"It cost us to operate the program. We gave them boxes. We had to pay for our web site for our e-mail to be up, pay for a person to correspondence with them, people to go pick up all the shoes," she explained.

But weeks after Pierce claimed the shoes were off to Haiti, ABC11 discovered they never left Share our Shoes warehouse. When we informed Hope Community Church's pastor, it was a big surprise.

"Obviously, it bothers us because people do this out of the goodness of their heart, and sometimes they get burned," said Mike Lee.

Lee also said the money the church donated was specifically supposed to be used to help cover shipping expenses.

"I think the worst reaction out of this is we just aren't going to do this anymore. I think this has been a good organization. I hope they can get their issues worked out and continue. We're not in a position to judge what they do," said Lee.

Veronica Scott - the former employee let go by Share Our Shoes - said her dismissal came suddenly with a text message at 2 a.m. one morning.

"Just by the way we were dismissed, I feel we were in the way," she said.

She said she was shocked.

"Something has happened, and it's very obvious something has happened," she offered.

Scott said she began with the organization as a volunteer before becoming an employee and still believes in the Share Our Shoes mission.

"Under proper leadership, more accountability, it can be saved," she said. "Staying true to the mission of what SOS is about or should be about."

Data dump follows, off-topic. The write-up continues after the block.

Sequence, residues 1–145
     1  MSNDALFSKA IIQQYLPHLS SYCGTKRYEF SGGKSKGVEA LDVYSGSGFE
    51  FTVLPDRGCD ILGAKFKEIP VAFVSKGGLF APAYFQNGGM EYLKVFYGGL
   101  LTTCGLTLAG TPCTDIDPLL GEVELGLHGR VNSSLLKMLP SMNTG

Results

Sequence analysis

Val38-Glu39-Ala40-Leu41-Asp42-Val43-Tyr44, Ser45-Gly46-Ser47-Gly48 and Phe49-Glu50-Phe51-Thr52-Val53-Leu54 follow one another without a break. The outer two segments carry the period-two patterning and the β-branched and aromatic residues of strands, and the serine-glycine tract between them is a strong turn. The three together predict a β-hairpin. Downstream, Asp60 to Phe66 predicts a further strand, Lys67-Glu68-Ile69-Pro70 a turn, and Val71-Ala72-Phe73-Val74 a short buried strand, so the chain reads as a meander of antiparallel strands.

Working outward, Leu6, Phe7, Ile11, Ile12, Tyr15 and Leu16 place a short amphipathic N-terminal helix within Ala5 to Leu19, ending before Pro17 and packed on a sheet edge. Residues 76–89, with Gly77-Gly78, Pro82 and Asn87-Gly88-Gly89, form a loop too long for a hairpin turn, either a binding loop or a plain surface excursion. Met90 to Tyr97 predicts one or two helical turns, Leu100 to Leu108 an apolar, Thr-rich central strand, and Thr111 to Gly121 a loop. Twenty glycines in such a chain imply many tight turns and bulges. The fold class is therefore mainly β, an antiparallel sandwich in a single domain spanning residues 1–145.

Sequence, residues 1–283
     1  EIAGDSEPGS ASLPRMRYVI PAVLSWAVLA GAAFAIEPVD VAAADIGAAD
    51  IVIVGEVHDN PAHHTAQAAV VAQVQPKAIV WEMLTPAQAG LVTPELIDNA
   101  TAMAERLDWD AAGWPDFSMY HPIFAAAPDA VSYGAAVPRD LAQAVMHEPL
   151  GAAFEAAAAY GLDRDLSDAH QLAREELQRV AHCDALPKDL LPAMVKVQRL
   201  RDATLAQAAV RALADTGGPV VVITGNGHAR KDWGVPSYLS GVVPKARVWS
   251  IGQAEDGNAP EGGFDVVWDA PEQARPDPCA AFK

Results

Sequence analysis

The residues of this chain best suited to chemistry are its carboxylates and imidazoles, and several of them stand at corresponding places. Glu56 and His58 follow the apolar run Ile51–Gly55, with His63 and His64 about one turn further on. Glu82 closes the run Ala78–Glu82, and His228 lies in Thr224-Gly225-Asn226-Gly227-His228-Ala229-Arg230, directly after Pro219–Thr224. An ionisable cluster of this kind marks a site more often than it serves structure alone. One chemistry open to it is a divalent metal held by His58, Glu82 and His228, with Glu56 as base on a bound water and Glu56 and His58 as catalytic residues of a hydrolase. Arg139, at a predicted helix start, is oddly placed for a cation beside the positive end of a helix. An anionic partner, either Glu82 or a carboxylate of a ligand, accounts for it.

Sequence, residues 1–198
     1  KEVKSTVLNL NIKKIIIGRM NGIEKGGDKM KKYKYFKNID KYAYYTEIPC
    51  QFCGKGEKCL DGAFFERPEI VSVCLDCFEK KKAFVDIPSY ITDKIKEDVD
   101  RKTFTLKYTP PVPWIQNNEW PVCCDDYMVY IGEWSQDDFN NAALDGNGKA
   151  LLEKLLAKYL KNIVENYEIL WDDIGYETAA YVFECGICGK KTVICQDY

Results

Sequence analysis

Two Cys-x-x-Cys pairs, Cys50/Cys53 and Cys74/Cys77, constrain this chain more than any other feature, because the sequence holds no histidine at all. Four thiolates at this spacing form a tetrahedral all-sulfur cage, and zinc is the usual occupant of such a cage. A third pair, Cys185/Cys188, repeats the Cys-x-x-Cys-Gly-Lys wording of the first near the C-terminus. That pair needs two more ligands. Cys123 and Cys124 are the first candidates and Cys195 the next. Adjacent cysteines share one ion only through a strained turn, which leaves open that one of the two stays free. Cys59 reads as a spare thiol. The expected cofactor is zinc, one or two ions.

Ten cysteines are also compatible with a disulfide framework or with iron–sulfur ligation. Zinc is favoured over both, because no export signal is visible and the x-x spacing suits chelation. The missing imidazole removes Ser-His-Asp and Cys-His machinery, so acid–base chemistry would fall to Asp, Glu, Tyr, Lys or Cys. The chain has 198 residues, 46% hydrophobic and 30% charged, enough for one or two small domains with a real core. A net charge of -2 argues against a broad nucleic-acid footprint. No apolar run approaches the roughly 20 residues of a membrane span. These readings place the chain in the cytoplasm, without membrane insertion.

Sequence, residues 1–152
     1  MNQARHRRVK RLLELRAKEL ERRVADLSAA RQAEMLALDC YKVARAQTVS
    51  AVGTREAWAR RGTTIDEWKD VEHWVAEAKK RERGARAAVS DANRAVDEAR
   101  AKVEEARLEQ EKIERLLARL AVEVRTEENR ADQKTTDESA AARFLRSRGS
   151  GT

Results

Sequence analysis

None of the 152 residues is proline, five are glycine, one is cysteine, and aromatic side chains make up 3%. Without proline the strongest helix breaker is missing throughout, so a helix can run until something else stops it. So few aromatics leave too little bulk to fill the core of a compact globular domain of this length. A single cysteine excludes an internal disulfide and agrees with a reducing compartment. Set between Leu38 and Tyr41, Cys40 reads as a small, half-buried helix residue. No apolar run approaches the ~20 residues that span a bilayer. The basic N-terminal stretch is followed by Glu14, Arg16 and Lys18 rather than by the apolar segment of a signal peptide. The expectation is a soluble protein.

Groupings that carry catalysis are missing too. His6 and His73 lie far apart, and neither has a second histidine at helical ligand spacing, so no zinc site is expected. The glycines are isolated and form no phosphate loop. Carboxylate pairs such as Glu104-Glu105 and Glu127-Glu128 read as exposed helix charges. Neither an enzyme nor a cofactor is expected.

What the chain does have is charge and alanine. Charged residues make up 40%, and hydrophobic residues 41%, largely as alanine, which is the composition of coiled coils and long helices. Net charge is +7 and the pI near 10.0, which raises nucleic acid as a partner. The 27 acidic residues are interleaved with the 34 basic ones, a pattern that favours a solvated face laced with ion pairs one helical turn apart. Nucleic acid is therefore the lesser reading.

Pierce insists she did nothing wrong as she claims she had full approval of her former board of directors. She also calls Veronica Scott a disgruntled employee.

Pierce said the Share Our Shoes board of directors investigated the allegations against her and stripped her of her director title. Then, everyone on the board resigned.

Pierce still works at Share Our Shoes collecting her $1,200-a-week salary.

She told us she remains focused on getting shoes to those in need and hates to have to sell donated shoes. But unless she gets more cash donations, it's a reality of her business.

Share Our Shoes now has a new board of directors - all recommended by Jennifer Pierce.

As for the shoes donated by the church for Haiti? We checked Thursday, and they're still sitting in the warehouse. Pierce said it a matter of logistics with customs and shipping. She has provided us with documents that show she is still making efforts to get those shoes to Haiti. We will let you know if they're sent.

The new board of directors of Share Our Shoes issued this statement:

As the newly appointed Board of Directors of Share Our Shoes we are excited to be in the position to help see this organization, including SOS Founder Jennifer Pierce, succeed well into the future. Whether it's due to natural disaster or financial hardship, Share Our Shoes' priority always has been, and always will be, to provide shoes for those that walk barefoot, without a choice. It is our goal to one day be able to give shoes, without having to sell some.